It’s a pattern which makes him not only good at understanding people’s concerns and problems, but also good at making them feel heard and understood.

NT’s difficulties start when this same pattern goes into a second cycle, focused not on others but on himself. ‘In the first cycle I use these voices for problem definition. But  then I go into a second cycle and it’s aimed at myself, because I tend to push myself down. I ask myself, Will this be right? Will it help the conversation? Will I be wasting people’s time?’ In his inner dialogue NT was getting stuck in a pattern of self-questioning and self-doubt, which left him inhibited by an unduly self-critical voice.

NT’s case looks as if it’s going to have a happy ending, but it has required effort and perseverance to get there.

Sometimes all that is needed to overcome a problem is to see something that you have not previously seen, to realise something you have not previously appreciated; the corrective behaviour is then plain to see and easily adopted. That wasn’t the case here, and is seldom the case when a deep-rooted and excessively critical self-belief is involved. But without a diagnostic that can help to identify the root of the issue, it becomes impossible for development or progress even to begin.

Identifying and enabling relevant first steps can therefore be the crucial intervention, the turning point.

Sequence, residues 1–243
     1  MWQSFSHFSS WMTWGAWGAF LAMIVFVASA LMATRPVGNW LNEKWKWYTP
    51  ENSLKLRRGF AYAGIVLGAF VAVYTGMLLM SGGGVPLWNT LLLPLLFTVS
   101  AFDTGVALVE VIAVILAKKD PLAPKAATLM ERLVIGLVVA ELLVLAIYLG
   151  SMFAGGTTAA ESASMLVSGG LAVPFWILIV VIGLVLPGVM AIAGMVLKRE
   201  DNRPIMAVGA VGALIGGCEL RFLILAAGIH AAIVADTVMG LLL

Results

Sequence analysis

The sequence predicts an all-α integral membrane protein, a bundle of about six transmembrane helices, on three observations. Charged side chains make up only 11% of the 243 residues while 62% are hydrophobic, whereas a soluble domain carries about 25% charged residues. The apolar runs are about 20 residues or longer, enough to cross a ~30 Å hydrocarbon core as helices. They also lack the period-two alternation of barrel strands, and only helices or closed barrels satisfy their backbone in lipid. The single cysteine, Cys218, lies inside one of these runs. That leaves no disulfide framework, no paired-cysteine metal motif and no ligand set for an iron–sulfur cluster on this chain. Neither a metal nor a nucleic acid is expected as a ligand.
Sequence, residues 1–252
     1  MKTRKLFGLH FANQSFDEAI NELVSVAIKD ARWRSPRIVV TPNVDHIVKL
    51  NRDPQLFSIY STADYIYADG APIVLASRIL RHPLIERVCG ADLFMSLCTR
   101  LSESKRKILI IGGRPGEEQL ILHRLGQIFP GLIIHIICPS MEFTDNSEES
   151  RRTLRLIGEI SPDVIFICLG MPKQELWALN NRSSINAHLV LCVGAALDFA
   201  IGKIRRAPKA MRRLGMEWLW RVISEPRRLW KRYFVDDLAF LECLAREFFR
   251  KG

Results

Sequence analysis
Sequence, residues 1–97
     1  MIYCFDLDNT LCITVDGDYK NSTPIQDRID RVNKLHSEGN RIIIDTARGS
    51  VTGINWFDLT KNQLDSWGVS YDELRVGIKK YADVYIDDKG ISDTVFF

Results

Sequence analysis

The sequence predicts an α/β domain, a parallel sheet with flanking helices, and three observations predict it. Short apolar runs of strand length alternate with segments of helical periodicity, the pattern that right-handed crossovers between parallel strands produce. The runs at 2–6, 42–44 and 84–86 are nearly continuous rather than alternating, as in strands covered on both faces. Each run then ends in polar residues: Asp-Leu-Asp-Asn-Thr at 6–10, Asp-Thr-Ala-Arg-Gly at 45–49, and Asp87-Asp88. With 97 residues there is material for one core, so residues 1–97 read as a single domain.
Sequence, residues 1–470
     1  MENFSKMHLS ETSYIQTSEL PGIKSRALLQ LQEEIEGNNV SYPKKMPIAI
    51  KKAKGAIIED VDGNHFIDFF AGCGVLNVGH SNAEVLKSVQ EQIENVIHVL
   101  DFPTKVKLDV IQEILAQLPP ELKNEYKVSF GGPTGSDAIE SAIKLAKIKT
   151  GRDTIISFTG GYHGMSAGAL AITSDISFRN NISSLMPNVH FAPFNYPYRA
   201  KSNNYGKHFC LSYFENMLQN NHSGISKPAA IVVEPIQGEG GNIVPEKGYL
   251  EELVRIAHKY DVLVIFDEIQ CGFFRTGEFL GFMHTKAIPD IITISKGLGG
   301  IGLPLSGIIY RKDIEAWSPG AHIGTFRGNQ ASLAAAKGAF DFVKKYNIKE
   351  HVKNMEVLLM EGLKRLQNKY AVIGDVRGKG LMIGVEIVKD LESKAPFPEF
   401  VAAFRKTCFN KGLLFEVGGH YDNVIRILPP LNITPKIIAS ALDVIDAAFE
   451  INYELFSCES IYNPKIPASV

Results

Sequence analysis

Several people have contributed to the process of building on that initial turning point in order to transform it into a successful outcome.

NT himself has contributed by applying his new self-awareness about what was, literally, holding him back. He still feels the self-doubt, but he now actively exerts himself to overcome it. He uses his natural diligence and sense of duty to persevere in his efforts to overcome his tendency to be too self-effacing.

NT’s coach has helped him to re-frame his feelings and experiences, to treat feelings of discomfort as signals that it is ‘a moment to speak up rather than shut up.

NT’s manager has helped him by re-focusing NT’s role to capitalise on his awareness and relational skills and by then identifying the specific voices that he needs to add to his repertoire to bring most value to this role. NT needed to build on and go beyond his capacity to listen, diagnose and understand. He needed to acquire and develop the voices of advocating and advising, trusting in his own ability to form opinions and offer suggestions, in order to contribute more actively to the development and deployment of solutions.

NT’s senior colleagues have helped him too. Whether by patiently and generously containing their own frustrations with his hesitancy, or by actively encouraging him to be more assertive, or by clarifying what they would like from him at particular moments, they have provided a collegial environment which has nurtured his growing self-confidence and reinforced his progress.

VoicePrint has helped all concerned by giving them a model of the different voices that are required to be able to work together productively and an understanding of when and how to use these voices in practice.